Wednesday, December 8, 2010

Magpie 44


This week’s prompt of a sled immediately brought to mind a strange, curious passage in the play “Hamlet.”
Hamlet’s dad, the late King, is of course dead as the play begins. However, he has returned as a ghost to encourage his son to seek vengeance for his murder.
Problem is, young Hamlet, who has not as yet seen the spirit, can’t be sure that the phantom is really his late father.
His friend Horatio, however, has seen it, and is convinced it is the ghost of the late King. He was on the guard-platform of the castle when it appeared.
Sentinel: “Is it not like the King?”
Horatio: “As thou art to thyself. Such was the very armor he had on when he the ambitious King of Norway combated.”

Horatio: “And so frowned he once when in an angry parley he smote the sledded Polacks on the ice.”
According to the text, the late King had been in various battles – more or less something to be expected from a king – and was involved in a fracas with some Polish guys who were on a sled. The Elizabethans used what for us today is a politically incorrect term, “Polacks,” for Polish people, but it was the 16th century and they knew no better. :-)
In other words, the way the old King had looked during this battle on the ice, this skirmish on sleds, is exactly how he looked when he showed up at the castle as a spirit. So the ghost must be legit.

Whether he is an authentic phantom or some evil spirit just pretending to be the late King is a key problem, which Hamlet spends a lot of time trying to figure out.

32 comments:

cosmos cami said...

I enjoyed your thoughts. Fun images as well.

Pearl said...

We still call them Polacks in Minnesota.

:-)

Which, of course, is wrong.

Pearl

kathew said...

I wondered how you would work sleds into Shakespeare...hah! Too clever for me-Hamlet and sleds?

Helen said...

'skirmish on sleds' .... I love your Shakespeare Magpies.

Lyn said...

Who else but you could come up with this...methinks you've got the whole play committed to memory...bravo!

Jinksy said...

"parley"...
Oh, yes, I'm all for that! Wonderful word...

Berowne said...

cosmos cami: "I enjoyed your thoughts."
And I your comment.

Berowne said...

Pearl: "We still call them Polacks in Minnesota."
Ah well, Minnesota. What can one expect?
(Jes' kiddin')

Berowne said...

Jinksy: "'parley,' I'm all for that! Wonderful word."
Even when it involves smiting someone? :-)

Kristen Haskell said...

I love your Shakespeare posts too! You really have a way of dissecting it beautifully and all from a photo.

Reflections said...

Hamlet meets the downhill... I'm impressed!

jinksy said...

As long as its 'smiting with words' !!

Tess Kincaid said...

Oh, gosh, YES!! Thank you. I needed this. I was suffering sorely from Shakespeare withdrawal.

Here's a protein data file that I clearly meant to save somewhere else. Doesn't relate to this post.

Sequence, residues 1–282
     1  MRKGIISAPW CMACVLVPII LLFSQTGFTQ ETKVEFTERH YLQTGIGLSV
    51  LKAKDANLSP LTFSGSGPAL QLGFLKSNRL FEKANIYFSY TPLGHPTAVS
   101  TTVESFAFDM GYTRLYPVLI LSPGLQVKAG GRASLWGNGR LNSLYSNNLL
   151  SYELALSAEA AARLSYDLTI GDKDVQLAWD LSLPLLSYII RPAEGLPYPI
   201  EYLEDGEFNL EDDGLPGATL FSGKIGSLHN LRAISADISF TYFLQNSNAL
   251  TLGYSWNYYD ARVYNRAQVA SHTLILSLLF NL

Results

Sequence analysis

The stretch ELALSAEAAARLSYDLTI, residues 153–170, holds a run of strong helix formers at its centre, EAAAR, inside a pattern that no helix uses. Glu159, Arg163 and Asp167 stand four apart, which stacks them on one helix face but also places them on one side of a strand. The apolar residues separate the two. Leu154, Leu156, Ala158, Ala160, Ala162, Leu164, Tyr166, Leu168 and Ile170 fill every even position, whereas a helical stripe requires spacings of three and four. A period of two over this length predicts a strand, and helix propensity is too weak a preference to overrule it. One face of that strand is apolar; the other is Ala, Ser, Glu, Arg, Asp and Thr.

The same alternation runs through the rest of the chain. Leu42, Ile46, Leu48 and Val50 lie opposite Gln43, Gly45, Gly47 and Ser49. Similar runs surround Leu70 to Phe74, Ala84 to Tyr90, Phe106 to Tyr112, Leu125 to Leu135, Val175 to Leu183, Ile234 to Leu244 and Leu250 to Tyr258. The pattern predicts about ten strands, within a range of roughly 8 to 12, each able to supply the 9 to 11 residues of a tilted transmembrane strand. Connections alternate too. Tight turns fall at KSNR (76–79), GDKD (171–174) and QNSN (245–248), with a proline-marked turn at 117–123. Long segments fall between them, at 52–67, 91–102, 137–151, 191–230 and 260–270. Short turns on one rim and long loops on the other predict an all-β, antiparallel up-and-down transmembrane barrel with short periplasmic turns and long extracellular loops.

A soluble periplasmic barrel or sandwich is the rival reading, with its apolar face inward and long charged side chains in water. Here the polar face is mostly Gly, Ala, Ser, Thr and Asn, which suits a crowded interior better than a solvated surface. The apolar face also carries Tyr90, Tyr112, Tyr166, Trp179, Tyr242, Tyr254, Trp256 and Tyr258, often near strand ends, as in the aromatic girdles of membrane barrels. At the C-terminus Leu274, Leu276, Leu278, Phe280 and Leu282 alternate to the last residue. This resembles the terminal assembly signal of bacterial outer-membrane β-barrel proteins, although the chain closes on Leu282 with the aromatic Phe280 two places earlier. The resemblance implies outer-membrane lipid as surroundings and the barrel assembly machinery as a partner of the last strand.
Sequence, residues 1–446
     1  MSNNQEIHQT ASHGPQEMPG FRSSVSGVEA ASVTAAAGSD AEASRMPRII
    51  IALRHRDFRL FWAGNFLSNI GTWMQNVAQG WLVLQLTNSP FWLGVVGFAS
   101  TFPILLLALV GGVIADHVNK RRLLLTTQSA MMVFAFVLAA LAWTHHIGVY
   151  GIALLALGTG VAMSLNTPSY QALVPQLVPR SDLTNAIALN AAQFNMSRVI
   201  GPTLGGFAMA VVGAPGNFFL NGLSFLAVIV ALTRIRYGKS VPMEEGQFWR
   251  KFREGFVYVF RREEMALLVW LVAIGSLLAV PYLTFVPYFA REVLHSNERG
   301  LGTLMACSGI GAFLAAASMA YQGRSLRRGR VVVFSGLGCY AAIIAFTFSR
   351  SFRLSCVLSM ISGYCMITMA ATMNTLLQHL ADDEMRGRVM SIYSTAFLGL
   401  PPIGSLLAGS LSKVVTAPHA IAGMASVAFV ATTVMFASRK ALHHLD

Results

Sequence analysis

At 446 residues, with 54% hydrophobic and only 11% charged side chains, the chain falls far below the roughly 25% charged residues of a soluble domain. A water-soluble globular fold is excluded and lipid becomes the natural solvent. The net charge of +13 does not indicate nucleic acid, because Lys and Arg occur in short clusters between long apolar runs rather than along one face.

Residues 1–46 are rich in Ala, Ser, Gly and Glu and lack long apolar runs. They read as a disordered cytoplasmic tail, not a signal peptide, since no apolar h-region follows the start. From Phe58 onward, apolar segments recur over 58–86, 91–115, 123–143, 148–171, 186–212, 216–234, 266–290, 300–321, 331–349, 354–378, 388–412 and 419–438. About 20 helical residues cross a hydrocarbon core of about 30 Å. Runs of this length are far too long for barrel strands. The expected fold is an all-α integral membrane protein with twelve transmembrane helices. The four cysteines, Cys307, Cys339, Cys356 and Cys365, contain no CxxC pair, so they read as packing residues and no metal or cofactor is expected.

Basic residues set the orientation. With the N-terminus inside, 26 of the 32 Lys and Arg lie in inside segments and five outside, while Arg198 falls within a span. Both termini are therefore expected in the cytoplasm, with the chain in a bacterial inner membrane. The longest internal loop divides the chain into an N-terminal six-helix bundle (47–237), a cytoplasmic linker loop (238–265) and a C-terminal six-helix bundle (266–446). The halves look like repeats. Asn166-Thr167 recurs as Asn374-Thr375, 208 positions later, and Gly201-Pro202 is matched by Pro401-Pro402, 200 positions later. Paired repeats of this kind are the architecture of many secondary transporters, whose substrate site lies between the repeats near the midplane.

gautami tripathy said...

I am awed! You did good!

who hid that story for us to find

Elizabeth said...

You are so clever, Berowne.
I looked at that picture and I couldn't even work out that it was a sledge (don't tell, but I'd perversely figured out it was some kind of cross-bow - time for an eye-test, I think)!!

The drinks are on me - you deserve one for your powers of visual aptitude and reasoned application.x

chiccoreal said...

Dear Berowne: The haunting image on the ice of the Danish king must have been terrifying. I think Archie Bunker pobpularized the slight with his son-in-law because the term is the name of a trucking company here(in Canada). No biggy! How I adore your apt comparison, and the sledding scene. Now that would be difficult to stage!

Berowne said...

Tess K.: "I was suffering sorely from Shakespeare withdrawal."
We can't let that happen. :-)

Berowne said...

Elizabeeth: "The drinks are on me."
I look forward to our rendezvous -- in cyberspace.

hedgewitch said...

Fascinating factoid from the world of Shakespeariana.(I think I made that word up but you get my drift..) And what does it say about humans that they would waste perfectly good sleds and sledding weather fighting a stupid battle?

Tumblewords: said...

If it looks like a ghost, walks like a ghost, then surely it must be the dead king. It could be no other. :)

kaykuala said...

'Hark, Apparitions' did I see it somewhere? Not Hamlet, I don't think! Brought back good memories on English Literature just the same!

Berowne said...

My thanks to Kristen H., Reflections, gautami t., chiccoreal, hedgewitch, Tumblewords and kaykuala for your friendly comments.

C Hummel Kornell a/k/a C Hummel Wilson said...

Only YOU! Wonderful connection. I, too, needed this one.

Berowne said...

Good to hear from you, C Hummel -- thanks

Joan Tucker said...

Mais où sont les neiges d'antan!
Oh, where are the snows of yesteryear!

The romance of snow is not here in WA State
but for the nostalgic and poetic there is always snow... Joan Tucker
awildpatience

Everyday Goddess said...

Fabulous connection, and I'm going with Tumblewords on this one.

Glad I stopped by, I always learn something interesting!

Berowne said...

Everyday G.: "Glad I stopped by..."
Glad you stopped by too, Everyday.

Lydia said...

Oh, that is a great tie-in. If, in high school, any of my English teachers had had your perfect knack for explaining Shakespeare I know I would have read beyond what was required. Pity, isn't it? I thank you so much for the spark.

Pat said...

It is such a powerful play - not least when poor Daniel Day Lewis, whilst playing Hamlet, imagined the ghost was his own dead father and left the stage never to return. Happily he is still acting in films

Berowne said...

My thanks to Lydia and Pat for their friendly comments.

The Hausfrau said...

What a fascinating connection--strange and curious, indeed! I enjoyed this.

girldaydreaming said...

like many, i love hamlet (the play:), so cool to have a fresh insight. nice...

 
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